With shrinking wallets, there’s no doubt that the spending capacity of the average person has reduced. Millions of jobs were lost, and a vaccine to end the Coronavirus remains elusive. There’s much to wring our hands over, and there have never been more testing times than now.
However, it’s also the time not to lose our optimism. So here’s what we are telling you to do – junk all the rubbish predictions about what’s working and not on consumer spending.
Right off the bat, let’s examine the motherhood statements of all times.
1. Consumers will only spend on essentials
Sure, consumers are more mindful about where they spend their money. Big-ticket and impulsive buys have reduced. However, people are compensating for the lack of entertainment and travel by spending on groceries, hygiene products and home entertainment. A look at the number of new product launches in condiments, and packaged food alone indicates a new market trend. People are cooking exotic meals and are splurging on quality ingredients that allow them to entertain at home.
The pandemic has also triggered a demand for the hygiene category, and consumers are demanding healthier options for themselves and their families. There are market opportunities, and brands are already leveraging them by launching products outside of their portfolio range.
2. Now is not the time for premiumisation
There’s been a slower offtake for premium products; however, as per this ET Prime article, people are not staying away from premium brands that are essential to their daily behaviour. A recent survey on consumer trends run by Bizom showed that buying indulgent foods comes second to the winning trend of consuming more healthy foods.
Also, if a lot of kombuchas are flying off the shelves, all hope is not lost. Studies point to consumers buying fewer items than downgrading i.e. buying cheaper products. They are more cautious and try to save money, but they will review large expenditures first. Take a look at the chocolate category. While there was an initial fall in consumption, the demand for chocolates increased sharply from June onwards. Even moderately premium products began to do well. So the key to winning here is to cut down premium choices and focus on offering value.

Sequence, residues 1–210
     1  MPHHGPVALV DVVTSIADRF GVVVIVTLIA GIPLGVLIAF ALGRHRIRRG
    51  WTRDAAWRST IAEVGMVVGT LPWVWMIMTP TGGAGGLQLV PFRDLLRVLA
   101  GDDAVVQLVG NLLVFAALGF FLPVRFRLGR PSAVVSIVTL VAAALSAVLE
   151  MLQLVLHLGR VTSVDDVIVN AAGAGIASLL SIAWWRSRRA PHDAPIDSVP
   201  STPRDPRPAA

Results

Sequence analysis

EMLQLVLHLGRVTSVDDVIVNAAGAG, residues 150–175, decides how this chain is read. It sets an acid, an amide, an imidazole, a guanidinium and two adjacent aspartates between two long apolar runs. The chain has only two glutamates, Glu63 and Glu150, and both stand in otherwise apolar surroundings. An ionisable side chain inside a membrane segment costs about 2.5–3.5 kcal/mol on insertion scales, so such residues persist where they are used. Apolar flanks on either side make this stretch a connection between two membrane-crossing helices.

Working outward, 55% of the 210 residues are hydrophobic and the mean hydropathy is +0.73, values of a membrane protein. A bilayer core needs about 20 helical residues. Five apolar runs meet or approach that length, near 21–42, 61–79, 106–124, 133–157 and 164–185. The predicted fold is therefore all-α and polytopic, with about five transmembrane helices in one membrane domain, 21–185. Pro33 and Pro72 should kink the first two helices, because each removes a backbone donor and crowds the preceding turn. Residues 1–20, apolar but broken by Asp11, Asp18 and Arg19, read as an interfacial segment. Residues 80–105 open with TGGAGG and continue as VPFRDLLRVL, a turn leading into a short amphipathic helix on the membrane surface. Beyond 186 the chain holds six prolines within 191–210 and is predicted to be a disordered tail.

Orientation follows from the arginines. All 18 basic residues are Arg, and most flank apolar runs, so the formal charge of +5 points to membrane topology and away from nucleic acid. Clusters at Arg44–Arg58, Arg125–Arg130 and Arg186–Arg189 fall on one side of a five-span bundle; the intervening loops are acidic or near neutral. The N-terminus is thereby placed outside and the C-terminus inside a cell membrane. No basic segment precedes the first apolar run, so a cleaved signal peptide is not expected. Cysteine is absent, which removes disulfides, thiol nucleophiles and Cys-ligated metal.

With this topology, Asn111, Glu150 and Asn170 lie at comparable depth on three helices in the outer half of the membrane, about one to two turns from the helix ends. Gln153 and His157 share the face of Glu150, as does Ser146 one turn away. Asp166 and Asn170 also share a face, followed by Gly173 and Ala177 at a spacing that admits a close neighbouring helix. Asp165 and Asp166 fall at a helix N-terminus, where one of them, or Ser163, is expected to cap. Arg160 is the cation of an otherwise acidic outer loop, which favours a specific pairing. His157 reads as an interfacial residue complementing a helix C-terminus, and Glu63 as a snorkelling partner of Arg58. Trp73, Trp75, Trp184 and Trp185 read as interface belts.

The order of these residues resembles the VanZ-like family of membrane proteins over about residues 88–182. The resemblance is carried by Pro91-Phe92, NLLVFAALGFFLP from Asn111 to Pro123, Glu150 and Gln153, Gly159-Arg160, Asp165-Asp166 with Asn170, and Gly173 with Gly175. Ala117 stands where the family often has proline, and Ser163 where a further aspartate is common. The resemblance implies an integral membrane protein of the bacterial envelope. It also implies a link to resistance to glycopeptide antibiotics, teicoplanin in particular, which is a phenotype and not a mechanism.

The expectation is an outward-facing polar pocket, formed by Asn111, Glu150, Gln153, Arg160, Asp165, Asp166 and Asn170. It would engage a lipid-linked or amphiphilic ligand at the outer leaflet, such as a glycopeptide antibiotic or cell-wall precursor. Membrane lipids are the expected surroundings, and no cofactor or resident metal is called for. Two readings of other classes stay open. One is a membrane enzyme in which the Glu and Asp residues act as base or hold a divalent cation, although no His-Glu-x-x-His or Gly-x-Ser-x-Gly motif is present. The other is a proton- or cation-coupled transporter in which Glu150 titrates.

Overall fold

3. Pricing strategies are all smoke now
A major concern for most CPG brands is how to manage pricing without impacting market share and brand identity. The pandemic has created enough disruptions in that regard. But shoppers, along with buying less, are also buying affordable. They are switching channels or brands that are more affordable. However, they are also sticking to their brands if the right value packs or promotions are available.
In times of pandemic, we don’t get to control the events or the impact on the bottom lines. The best that we can do is to focus on some simple CPG truths that even the past recessions have sworn by:
1. Offer value with price and pack sizes of essentials
2. Ensure availability at all times
3. Launch products that match the changing consumer interests
4. Keep engaging the consumer
We wish you a more stress-free week! Write to us at firstname.lastname@example.org about any other half-truths that you encounter and if you want to discuss technological solutions to increase your market share.
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